• The Not YetThe Not Yet by Moira Crone
    My rating: 3 of 5 stars

    I had trouble getting into this one — it was interesting, and has some interesting ideas on mortality and the effects of enhanced longevity, but for some reason, it didn’t really pull me in until the last chapter when everything wraps up.

  • HarmonyHarmony by Keith Brooke
    My rating: 3 of 5 stars

    Three and a half stars would be more accurate. There’s a lot of fascinating worldbuilding here, presented very much in the “sink or swim” style where you’re simply dropped into the world and must figure it out as you go. Neat stuff, but the pacing felt a little off…there’s a lot of time spent setting the board, only to have the endgame sprung upon you faster than you expect. I’m not sure if I’d have preferred less setup (at the possible expense of less comprehension of the world) or more climax/denouement (which might remove some of the power of the “aha!” moment at the end), but it felt somewhat off-balance.

  • Blueprints of the AfterlifeBlueprints of the Afterlife by Ryan Boudinot
    My rating: 3 of 5 stars

    At times both fascinating and frustrating. While there was a lot to like in this, taken as a whole, it just didn’t quite mesh. Neat and very believable ideas (like the Bionet) mixed with wild absurdism (the Malaspina glacier gone rogue) mixed with I’m not sure what (a Mario-Brothers-meets-zombies video game sequence that I’m still not sure how to interpret). Interesting and, on the while, enjoyable, but perhaps a bit too absurdist.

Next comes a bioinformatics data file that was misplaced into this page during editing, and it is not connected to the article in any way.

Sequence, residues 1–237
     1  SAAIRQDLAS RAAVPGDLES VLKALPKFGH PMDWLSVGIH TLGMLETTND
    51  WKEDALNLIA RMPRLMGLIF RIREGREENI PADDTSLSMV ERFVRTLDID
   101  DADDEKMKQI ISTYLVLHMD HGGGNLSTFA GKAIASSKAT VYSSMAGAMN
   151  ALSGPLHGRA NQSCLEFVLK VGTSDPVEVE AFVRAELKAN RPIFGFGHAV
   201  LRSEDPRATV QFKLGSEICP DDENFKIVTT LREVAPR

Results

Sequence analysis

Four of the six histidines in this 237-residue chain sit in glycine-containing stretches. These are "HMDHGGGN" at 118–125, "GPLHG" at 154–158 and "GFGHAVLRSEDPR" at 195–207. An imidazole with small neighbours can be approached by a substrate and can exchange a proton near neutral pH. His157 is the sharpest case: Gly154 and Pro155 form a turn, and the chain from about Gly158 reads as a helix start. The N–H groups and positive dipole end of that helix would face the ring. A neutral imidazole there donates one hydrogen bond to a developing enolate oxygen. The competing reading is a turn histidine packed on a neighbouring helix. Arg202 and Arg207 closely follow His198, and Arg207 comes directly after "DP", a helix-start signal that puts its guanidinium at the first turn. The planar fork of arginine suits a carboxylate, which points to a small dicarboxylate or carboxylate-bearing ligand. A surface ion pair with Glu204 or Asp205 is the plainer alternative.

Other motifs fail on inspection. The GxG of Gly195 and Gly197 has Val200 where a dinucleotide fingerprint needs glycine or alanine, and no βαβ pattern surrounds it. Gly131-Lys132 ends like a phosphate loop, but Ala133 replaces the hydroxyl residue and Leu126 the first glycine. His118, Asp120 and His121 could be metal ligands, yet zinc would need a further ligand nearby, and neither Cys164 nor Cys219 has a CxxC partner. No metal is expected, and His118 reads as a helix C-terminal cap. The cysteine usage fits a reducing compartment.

• LoveStar: A NovelLoveStar: A Novel by Andri Snær Magnason
    My rating: 5 of 5 stars

    This one, I really, really enjoyed. Frighteningly believable (if improbable) biotech-meets-marketing serves as a base for paired stories of lovers torn apart and a brilliant CEO on a reluctant quest for God. Frequently funny and sweet, this was easily my favorite of this year’s crop of Philip K. Dick Award nominees.

Free Islamist SF anthology eBook

This looks interesting to me. I’ve downloaded it, and it’ll be on my iPad soon.

A Mosque Among The Stars available for free!: